The Pembina Field

This week’s Analogue Spotlight focuses on the unsuccessful improved recovery methods used in the Pembina Field (Canada). It is the second-most areally extensive conventional oilfield in the world, covering 628,000 ac, and was discovered and brought onstream in 1953.

In the early 1990s, 18 horizontal wells were drilled in the Upper Cretaceous Cardium reservoir, with most targeting poorly swept, lower-permeability areas containing bypassed oil. Only a few wells completed in high permeability-thickness conglomerate and clean sandstone intervals were successful, the others performing poorly.

A polymer injection pilot was undertaken on two adjacent 160 ac areas in 1971-74. However, this technique proved unsuccessful in reducing water channelling. The pilot failed to come close to attaining the incremental oil recovery of 4.8% of STOIIP that was forecast due to polymer breakthrough in the high-permeability conglomerates, with only 6% of their pore volume contacted by the polymer.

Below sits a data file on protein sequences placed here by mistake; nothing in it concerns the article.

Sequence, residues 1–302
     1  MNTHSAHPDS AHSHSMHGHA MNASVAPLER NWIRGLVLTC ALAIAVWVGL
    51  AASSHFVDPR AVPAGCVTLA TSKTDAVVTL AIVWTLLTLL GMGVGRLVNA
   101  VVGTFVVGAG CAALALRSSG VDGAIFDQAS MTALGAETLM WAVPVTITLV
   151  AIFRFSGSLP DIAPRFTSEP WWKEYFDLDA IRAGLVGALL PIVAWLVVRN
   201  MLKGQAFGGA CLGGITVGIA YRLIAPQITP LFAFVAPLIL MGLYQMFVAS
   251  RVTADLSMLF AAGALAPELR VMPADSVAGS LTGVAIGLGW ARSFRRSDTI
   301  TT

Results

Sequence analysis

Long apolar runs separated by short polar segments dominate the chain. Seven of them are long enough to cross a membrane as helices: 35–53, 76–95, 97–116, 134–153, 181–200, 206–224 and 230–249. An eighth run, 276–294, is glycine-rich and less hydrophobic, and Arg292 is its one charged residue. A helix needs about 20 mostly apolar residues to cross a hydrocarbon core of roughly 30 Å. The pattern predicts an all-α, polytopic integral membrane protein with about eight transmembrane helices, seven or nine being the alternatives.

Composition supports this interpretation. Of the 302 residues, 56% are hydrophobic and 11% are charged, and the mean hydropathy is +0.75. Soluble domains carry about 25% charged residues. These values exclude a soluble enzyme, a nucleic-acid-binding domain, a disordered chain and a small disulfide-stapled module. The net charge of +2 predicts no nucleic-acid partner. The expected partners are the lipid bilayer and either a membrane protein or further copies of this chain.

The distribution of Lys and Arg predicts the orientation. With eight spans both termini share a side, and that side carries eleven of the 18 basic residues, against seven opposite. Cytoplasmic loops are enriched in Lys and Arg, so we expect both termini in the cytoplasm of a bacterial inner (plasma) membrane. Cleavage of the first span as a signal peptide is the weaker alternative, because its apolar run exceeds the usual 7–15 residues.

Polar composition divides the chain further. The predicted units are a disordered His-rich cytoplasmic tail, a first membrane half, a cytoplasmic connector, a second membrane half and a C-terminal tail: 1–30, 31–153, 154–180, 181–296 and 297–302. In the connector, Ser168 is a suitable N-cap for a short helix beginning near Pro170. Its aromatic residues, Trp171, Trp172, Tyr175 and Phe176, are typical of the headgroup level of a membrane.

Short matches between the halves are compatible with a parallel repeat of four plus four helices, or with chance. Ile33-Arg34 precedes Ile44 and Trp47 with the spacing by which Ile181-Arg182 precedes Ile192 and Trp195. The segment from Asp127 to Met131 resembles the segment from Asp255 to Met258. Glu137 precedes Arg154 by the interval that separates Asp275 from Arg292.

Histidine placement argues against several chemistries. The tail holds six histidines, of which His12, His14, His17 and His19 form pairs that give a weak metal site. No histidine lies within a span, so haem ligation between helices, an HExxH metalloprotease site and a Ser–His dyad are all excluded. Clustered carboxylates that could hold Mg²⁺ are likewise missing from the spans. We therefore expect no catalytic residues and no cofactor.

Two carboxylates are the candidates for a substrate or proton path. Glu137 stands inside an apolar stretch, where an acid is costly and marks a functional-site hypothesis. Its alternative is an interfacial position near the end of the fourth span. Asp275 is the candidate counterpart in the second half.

Despite these unsuccessful pilots, the Pembina Field has undergone several other improved recovery methods that have yielded more successful results, and the field has continued to produce oil for over half a century.

The Digital Analogue Knowledge System (DAKS™) contains many global oil and gas analogues specifically focused on heavy oil fields. Use these analogues to benchmark your own field, and delve into C&C Reservoirs Reservoir Evaluation Reports to discover best practices from top performing reservoirs that can be applied to your own assets.

Are you a DAKS user? Login today to view the full Pembina Field case study.